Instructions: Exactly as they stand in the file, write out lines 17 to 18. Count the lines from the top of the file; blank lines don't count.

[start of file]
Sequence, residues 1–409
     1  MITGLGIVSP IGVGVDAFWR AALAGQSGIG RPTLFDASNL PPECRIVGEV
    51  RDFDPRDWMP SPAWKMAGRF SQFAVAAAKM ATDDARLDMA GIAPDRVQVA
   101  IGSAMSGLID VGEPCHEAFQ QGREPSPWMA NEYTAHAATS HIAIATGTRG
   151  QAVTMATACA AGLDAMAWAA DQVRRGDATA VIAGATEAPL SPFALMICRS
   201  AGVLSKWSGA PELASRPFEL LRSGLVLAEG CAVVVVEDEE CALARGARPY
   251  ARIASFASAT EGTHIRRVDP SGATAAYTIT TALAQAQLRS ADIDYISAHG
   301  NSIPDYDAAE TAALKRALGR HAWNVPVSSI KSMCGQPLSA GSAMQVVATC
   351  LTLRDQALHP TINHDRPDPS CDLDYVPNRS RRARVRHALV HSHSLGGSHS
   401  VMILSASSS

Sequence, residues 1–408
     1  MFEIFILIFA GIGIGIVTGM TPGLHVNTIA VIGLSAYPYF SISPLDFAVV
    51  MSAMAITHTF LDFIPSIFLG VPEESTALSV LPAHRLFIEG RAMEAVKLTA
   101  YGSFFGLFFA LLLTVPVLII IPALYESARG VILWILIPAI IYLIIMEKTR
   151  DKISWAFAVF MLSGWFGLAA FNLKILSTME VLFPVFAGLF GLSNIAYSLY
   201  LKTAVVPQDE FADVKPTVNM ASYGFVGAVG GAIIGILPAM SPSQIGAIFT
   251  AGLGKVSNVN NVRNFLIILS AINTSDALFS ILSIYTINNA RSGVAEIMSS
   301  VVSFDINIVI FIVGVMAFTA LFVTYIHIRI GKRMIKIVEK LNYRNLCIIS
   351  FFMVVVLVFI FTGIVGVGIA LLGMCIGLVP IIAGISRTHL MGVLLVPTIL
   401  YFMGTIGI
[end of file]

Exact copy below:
   251  AGLGKVSNVN NVRNFLIILS AINTSDALFS ILSIYTINNA RSGVAEIMSS
   301  VVSFDINIVI FIVGVMAFTA LFVTYIHIRI GKRMIKIVEK LNYRNLCIIS